Smoking effects may differ among races
Black people may be more susceptible to the damaging effects of cigarette smoke than white people, says the lead author of a recent study. While studying racial differences in smoking patterns and lung function in patients with advanced COPD, Wissam Chatila, MD, found that blacks with COPD began smoking later in life, smoked fewer cigarettes, and yet presented with similar disease severity at an earlier age compared to white patients in the study.

“We’ve long known that there is a higher rate of disease and mortality of COPD in whites compared to African Americans,” says Chatila, a pulmonologist at Temple University Hospital and assistant professor of medicine at the Temple University School of Medicine, Philadelphia. “To our knowledge, however, this is the first study to look at racial differences in cigarette smoking exposure while characterizing the severity of the pulmonary disease in a group of susceptible smokers.”

Chatila says that more research is needed to confirm the findings, which appeared in the January 2004 issue of Chest. “The challenge will be to discern reasons for these observed differences, which may be biological, physiologic, or environmental,” he says.

Study finds Chronic Cough Gender Discrepancy
All that hacking appears to be keeping her up longer at night than him. In a cough-specific quality of life questionnaire, significantly more female than male chronic coughers reported physical complaints, such as headache, painful breathing, nausea, and urinary incontinence. Women in that group also reported more psychosocial issues, such as embarrassment. The researchers from the departments of medicine and psychiatry, University of Massachusetts Medical School, Worcester, concluded that these physical and psychosocial issues indicate why more women than men seek medical treatment for the condition. The study appeared in the February issue of Chest, the peer-reviewed journal of the American College of Chest Physicians.

Scientists Identify Diesel Fume Allergy Genes
The risk of developing respiratory allergies from exposure to diesel emissions depends largely on genetics, according to a study funded by the National Institute of Allergy and Infectious Diseases (NIAID), part of the National Institutes of Health (NIH).

Researchers examined a group of volunteers who are allergic to ragweed. Study participants who lacked the antioxidant-producing form of the GSTM1 gene had significantly greater allergic responses when exposed to a mix of ragweed and diesel exhaust. Within the group that lacked GSTM1, those who had a particular variant of the GSTP1 gene experienced even greater allergic reactions.

Given their findings, researchers estimate that up to 50% of the US population could be in jeopardy of experiencing health problems related to air pollution.

“The knowledge provided by this work will help us identify people who are susceptible to the deleterious effects of diesel emissions on the clinical course of asthma and hay fever,” says Kenneth Adams, PhD, who oversees asthma research funded by NIAID. “It will also help accelerate development of drugs to treat and prevent these diseases.”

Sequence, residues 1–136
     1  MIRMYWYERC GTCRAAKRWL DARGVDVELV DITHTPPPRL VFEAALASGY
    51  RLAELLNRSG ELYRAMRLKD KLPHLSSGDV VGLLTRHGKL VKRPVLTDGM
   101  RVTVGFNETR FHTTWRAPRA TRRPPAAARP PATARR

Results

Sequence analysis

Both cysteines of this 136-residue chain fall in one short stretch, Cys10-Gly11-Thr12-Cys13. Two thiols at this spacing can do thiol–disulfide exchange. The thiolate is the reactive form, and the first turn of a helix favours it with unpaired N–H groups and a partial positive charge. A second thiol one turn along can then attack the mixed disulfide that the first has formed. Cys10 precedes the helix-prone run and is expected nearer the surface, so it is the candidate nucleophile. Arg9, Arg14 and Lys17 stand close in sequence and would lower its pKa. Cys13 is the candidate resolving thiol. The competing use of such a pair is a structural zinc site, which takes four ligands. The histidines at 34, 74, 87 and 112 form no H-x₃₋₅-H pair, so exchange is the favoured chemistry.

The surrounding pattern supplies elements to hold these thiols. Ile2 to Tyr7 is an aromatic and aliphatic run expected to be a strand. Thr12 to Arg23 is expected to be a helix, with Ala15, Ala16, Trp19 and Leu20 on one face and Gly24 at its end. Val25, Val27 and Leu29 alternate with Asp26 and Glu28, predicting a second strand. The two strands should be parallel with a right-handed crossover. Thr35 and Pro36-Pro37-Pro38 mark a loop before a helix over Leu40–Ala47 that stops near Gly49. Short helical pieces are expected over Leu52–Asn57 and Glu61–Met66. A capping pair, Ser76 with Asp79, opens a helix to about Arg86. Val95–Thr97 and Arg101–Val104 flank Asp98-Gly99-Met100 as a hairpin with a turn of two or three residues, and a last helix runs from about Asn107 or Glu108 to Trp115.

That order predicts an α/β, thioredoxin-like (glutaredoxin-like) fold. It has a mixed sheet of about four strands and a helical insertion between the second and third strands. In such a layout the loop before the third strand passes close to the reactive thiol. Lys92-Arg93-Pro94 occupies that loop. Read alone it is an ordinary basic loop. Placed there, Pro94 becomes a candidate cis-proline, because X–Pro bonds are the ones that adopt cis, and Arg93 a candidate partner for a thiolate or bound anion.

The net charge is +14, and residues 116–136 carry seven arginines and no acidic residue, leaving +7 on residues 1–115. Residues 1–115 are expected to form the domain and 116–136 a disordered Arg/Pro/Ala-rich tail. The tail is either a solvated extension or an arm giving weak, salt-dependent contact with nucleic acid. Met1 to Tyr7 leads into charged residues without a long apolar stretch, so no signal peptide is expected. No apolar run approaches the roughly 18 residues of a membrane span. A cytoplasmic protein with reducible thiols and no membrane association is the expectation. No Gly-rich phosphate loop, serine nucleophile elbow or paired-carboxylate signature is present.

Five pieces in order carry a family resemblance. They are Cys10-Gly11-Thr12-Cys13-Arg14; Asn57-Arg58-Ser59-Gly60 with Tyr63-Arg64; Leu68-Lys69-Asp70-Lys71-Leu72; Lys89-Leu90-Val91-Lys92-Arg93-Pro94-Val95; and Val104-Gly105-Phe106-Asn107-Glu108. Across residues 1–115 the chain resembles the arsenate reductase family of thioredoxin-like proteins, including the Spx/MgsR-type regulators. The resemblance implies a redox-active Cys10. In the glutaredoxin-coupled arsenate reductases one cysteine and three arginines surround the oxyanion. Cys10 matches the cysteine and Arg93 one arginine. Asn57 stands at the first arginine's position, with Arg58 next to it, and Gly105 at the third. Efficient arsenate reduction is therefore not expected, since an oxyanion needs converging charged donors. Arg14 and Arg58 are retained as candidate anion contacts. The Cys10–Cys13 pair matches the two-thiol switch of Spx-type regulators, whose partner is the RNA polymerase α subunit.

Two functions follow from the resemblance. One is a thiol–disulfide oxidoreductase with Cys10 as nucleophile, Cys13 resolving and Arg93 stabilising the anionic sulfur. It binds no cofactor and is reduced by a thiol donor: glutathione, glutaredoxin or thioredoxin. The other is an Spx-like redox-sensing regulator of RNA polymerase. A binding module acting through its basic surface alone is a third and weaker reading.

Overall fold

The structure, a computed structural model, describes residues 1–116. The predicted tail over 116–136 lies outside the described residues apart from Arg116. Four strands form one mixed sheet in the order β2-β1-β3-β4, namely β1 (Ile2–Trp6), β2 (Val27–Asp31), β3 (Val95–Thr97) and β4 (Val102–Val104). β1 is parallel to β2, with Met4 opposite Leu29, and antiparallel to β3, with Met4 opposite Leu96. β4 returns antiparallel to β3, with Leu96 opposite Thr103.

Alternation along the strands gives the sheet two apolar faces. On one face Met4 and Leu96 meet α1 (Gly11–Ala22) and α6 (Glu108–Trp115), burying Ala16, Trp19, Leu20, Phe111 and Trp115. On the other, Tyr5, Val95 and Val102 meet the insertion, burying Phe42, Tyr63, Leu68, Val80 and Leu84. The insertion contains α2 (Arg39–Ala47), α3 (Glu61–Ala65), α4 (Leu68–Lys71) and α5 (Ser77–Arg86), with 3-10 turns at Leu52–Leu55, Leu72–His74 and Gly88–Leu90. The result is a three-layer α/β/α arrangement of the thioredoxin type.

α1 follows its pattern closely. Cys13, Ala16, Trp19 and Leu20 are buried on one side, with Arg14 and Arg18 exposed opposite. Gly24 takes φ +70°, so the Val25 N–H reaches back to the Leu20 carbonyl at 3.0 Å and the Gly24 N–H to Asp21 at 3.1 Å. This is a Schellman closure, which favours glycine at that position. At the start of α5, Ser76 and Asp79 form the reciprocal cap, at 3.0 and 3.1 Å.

Published in the January 10 issue of the Lancet, the study also received support from the National Institute of Environmental Health Sciences, another NIH component.

Study links fatty acid defect to cystic fibrosis
Confirming evidence from earlier research performed on mice, researchers have discovered an imbalance of fatty acids in the tissues of those with cystic fibrosis (CF). This finding may help scientists focus treatment efforts, says the research team at Beth Israel Deaconess Medical Center (BIDMC), Boston; UMass Memorial Health Care (UMMHC), Worcester, Mass; and Massachusetts General Hospital (MGH), Boston.

The 38 CF patients involved in the study had abnormally high levels of arachidonic acid and abnormally low levels of docosahexaenoic acid (DHA)—a condition that predisposes to inflammation, according to senior author Steven D. Freedman, MD, PhD, of the gastroenterology division at BIDMC and associate professor of medicine at Harvard Medical School. The study also revealed that this fatty acid abnormality was unique to cystic fibrosis and not simply a reflection of the disease state.

CF patients are typically treated with antibiotics, and the researchers say that up until now, new treatments efforts had focused on symptomatic therapies and methods to improve CFTR gene function.

This study found that large doses of DHA corrected the fatty acid imbalance and reversed signs of the disease in CF mice. However, Freedman cautions that exceptionally high doses of DHA were required to treat the CF mice and says over-the-counter supplements would not be beneficial for humans and could be harmful at the high doses required to achieve clinical effectiveness.

This study was funded by grants from the Cystic Fibrosis Foundation and Genzyme Corp, Cambridge, Mass, and supported in part by a grant to the BIDMC General Clinical Research Center from the National Institutes of Health. BIDMC owns issued and pending patents on novel methods for treating disorders in which DHA levels are affected and has an exclusive licensing agreement with Genzyme Corp for the development of therapies for CF.

The findings appear in the February 5 issue of The New England Journal of Medicine.